Mike Willis of PriceWaterhouseCoopers wrote a good article about how disclosure management software is improving the process of creating financial reports by 30%. In that article Mike mentions the notion of a reporting template.
Last year I created a set of 75 reporting templates. I have updated those reporting templates to the 2013 US GAAP Taxonomy, corrected a few XBRL Formula errors, and updated the visual of the reporting template. Other improvements have been made. You can take a look at these updated reporting templates here.
One of the more useful things that I added to the library of reporting templates is this visual index of all 75 reporting templates. This visual index is interesting to me for two reasons: (1) It quickly allows you to find a reporting template, (2) It shows renderings which are generally pretty good.
The renderings of each reporting template are provided by XBRL Cloud. The renderings are screen shots of the renderings provided by the XBRL Cloud Evidence Package and/or XBRL Cloud Viewer (click on the "Viewer" button on that page).
Personally, I think the renderings are pretty good. Granted, they are not perfect and there are other disclosures which are more complex and maybe they would not render so good. However, I am not so sure that even complex disclosures would not render correctly or at least good enough to be readable.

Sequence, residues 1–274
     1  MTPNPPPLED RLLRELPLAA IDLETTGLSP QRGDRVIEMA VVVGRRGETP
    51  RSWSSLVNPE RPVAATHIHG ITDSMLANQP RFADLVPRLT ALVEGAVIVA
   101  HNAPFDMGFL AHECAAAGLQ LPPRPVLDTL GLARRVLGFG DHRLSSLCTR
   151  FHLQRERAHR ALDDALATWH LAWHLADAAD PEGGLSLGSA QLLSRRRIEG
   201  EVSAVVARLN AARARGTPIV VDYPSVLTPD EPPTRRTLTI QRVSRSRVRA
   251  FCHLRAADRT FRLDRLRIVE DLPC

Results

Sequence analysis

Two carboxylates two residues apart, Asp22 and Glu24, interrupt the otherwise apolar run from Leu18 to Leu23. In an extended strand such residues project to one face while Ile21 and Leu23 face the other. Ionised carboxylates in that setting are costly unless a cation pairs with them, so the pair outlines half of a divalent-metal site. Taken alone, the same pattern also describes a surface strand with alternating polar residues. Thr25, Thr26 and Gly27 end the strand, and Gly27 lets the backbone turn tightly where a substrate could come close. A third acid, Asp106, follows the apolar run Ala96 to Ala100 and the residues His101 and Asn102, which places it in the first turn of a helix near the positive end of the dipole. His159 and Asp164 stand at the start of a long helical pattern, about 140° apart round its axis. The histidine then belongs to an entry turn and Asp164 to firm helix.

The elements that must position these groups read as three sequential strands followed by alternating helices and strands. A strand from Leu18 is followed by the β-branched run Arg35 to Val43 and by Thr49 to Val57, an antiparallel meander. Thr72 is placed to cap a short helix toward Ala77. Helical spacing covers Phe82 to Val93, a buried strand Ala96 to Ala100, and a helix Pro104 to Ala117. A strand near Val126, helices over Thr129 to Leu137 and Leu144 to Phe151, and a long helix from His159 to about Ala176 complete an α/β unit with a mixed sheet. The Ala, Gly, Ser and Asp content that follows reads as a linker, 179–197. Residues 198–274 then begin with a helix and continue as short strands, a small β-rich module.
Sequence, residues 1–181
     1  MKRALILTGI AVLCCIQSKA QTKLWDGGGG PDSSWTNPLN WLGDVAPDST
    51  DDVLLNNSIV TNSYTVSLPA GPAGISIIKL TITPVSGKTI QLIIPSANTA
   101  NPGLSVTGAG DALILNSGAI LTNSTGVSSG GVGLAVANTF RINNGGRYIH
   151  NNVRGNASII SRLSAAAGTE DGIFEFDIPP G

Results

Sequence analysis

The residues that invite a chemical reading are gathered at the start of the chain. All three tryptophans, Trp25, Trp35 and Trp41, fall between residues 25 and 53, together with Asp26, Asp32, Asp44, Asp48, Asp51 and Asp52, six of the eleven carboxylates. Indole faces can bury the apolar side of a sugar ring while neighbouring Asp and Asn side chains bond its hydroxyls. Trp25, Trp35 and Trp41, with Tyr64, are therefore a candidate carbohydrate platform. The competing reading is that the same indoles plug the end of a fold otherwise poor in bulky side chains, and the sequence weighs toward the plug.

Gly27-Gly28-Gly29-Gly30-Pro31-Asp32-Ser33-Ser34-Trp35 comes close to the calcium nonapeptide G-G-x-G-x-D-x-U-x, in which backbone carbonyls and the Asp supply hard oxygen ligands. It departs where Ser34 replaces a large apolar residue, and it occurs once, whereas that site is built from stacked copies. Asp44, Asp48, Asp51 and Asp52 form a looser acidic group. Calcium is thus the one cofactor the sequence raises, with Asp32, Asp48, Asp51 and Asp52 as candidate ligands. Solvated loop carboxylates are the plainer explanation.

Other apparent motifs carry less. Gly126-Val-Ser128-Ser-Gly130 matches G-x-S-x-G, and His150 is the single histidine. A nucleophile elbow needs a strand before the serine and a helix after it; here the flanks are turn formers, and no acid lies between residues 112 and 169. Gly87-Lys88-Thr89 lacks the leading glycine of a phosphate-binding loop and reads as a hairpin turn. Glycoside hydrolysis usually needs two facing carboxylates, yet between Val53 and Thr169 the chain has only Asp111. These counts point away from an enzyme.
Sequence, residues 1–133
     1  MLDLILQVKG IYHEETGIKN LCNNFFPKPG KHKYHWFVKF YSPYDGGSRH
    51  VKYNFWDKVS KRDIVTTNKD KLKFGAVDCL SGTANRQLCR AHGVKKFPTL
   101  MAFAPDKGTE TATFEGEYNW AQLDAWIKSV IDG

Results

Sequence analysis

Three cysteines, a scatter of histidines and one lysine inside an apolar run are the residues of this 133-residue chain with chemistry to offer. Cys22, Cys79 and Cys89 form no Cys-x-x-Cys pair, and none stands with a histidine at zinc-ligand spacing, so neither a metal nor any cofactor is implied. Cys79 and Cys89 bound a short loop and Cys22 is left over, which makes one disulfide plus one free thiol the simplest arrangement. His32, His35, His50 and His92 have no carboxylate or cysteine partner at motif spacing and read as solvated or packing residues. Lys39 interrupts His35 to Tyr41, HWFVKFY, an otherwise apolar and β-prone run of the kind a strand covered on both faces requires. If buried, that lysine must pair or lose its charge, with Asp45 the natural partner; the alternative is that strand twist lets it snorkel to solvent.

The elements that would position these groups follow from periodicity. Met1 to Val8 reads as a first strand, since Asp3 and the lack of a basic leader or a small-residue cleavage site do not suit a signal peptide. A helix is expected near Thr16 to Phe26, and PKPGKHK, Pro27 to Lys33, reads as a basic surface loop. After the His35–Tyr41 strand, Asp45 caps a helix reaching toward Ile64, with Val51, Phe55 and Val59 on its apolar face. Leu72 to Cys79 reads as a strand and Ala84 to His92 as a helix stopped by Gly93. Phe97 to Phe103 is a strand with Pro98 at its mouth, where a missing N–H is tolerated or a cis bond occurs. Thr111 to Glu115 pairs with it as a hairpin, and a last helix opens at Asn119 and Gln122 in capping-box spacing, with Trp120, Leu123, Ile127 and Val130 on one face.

There are two things which contribute to poor renderings as I mentioned on my blog a year ago:
- Poorly represented information (i.e. bad modelings)
- Poor rendering engines
If you have a poorly represented disclosure there is no rendering engine which would be capable of rendering that poor representation correctly. Likewise, you can have the best representation in the world but if the rendering engine is not so good you could likewise not get a good rendering.
So both the representation AND the rendering engine contribute to achieving a usable/readable rendering. I am not talking about a pixel-perfect rendering. I am not talking about a rendering exactly as one person might want the rendering to be. Specifically satisfying every person's preference with one rendering approach is impossible. Not is that a use case for XBRL as I see it.
The goal is a usable and readable rendering for any disclosure.
Something like Inline XBRLcan get a rendering closer to "pixel-perfect". The Table Linkbase created by the folks pushing the Data Point Modelcan help also. But are Inline XBRL and the Table Linkbase really necessary? I am not so sure. Constructing the Inline XBRL or Table Linkbase information includes additional work. Perhaps there is some benefit for some specific use cases but personally I don't want custom renderings; what I want is to be able to compare information.
But don't rush to judgment. Be sure you are looking at a good information representation using a good rendering engine before you determine that XBRL can or cannot be rendered correctly.